Elevated LDL-C is recognized as a major risk factor for cardiovascular disease.3,4 FH is an inherited condition caused by a gene mutation which leads to high levels of LDL-C at an early age. Patients can have either one of two types of FH, heterozygous or homozygous.1 Homozygous FH is the rare, more severe form of FH, occurring in approximately one in a million individuals.5 It can cause a four-fold increase in LDL-C levels (e.g., 400-1,000 mg/dL).1,6 Heterozygous FH (HeFH) is the more common type of FH and occurs in approximately one in 200 to 500 people.1,7,8 In general, individuals with HeFH have LDL-C levels twice as high as normal (e.g.,190-350 mg/dL).1,6
TESLA Study Design
The Phase 3 12-week, double-blind, randomized, placebo-controlled, multicenter part of the TESLA trial (TESLA Part B) evaluated evolocumab compared to placebo in 49 adults and adolescents aged 12 years and over with HoFH (LDL-C >130 mg/dL) who were on a stable dose of statin therapy and other lipid-lowering medications. Patients were randomized to evolocumab 420 mg subcutaneous monthly or placebo subcutaneous monthly. The primary endpoint was the percent reduction from baseline in LDL-C at week 12. Secondary endpoints included mean percent change from baseline in LDL-C, apolipoprotein B (ApoB) and lipoprotein(a) (Lp(a)) at weeks 6 and 12, and percent change from baseline in ApoB and Lp(a) at week 12.
The Phase 2 12-week, open-label, single-arm, multicenter part of the TESLA trial (TESLA Part A) evaluated eight patients with HoFH who were on stable drug therapy for four weeks or more. Patients received evolocumab 420 mg subcutaneous once monthly for a minimum of 12 weeks, followed by every two weeks for another 12 weeks. The primary endpoint was the percent reduction from baseline in LDL-C at week 12. Positive results from the Phase 2 TESLA trial were presented at the 81st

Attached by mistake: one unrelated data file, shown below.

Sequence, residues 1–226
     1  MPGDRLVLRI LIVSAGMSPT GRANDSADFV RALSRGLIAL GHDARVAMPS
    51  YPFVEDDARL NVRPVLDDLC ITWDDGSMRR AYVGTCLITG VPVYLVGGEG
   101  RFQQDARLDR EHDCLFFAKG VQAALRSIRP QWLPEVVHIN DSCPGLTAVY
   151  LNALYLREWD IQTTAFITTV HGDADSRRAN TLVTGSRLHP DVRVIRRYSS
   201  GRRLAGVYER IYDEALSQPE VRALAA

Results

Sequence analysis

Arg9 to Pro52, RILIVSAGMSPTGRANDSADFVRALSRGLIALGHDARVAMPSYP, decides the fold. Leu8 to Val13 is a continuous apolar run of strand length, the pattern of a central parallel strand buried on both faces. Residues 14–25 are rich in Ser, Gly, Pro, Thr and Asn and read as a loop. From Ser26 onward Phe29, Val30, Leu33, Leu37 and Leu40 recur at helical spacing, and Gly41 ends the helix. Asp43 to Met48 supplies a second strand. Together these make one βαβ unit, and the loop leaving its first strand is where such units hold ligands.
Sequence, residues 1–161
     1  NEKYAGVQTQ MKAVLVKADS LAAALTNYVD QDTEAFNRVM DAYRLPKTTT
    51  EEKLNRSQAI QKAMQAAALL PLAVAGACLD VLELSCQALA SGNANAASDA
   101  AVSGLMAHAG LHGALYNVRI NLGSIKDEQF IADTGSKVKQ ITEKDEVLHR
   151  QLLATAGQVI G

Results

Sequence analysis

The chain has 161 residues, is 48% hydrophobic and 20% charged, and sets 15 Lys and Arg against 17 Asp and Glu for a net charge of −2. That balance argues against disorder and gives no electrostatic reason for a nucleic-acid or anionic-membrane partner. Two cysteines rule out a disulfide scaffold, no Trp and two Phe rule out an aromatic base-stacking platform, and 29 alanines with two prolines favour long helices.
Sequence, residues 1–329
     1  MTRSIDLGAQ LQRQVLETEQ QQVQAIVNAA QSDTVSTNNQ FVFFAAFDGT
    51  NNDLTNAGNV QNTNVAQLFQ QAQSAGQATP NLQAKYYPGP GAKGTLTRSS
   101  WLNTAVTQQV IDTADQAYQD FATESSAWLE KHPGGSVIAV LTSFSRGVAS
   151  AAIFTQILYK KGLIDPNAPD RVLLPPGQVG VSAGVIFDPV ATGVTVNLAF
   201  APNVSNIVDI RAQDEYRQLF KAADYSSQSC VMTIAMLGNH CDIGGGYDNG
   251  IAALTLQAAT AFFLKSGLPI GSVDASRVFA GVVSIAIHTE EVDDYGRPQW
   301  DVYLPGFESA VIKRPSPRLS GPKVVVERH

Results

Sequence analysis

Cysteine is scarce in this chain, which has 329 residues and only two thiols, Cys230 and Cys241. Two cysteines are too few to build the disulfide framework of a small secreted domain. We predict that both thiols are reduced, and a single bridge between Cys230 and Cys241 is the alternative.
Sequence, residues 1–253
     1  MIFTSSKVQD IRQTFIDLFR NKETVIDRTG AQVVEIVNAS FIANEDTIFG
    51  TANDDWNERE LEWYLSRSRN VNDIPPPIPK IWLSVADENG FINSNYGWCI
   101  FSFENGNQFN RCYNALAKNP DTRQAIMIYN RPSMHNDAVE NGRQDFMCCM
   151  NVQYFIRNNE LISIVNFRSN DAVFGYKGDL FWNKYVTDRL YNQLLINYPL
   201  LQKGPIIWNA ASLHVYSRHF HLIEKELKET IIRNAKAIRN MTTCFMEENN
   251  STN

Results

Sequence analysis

TAUSSIG Study Design
In the ongoing, multicenter, open-label, long-term, active treatment-only study, patients with severe FH are randomized to subcutaneous evolocumab 420 mg every two weeks or monthly and assessed for up to five years. The primary endpoint of the study is subject incidence of treatment emergent adverse events (TEAEs). Secondary endpoints include the following, measured from baseline at each scheduled visit: percent change in LDL-C, percent change in non-high-density lipoprotein cholesterol (non-HDL-C), percent change in apolipoprotein B (ApoB), percent change in total cholesterol (TC)/HDL-C ratio, percent change in ApoB/apolipoprotein A1 ratio, percent change in lipoprotein(a) and response rate of subjects with 15 percent or greater reduction in LDL-C.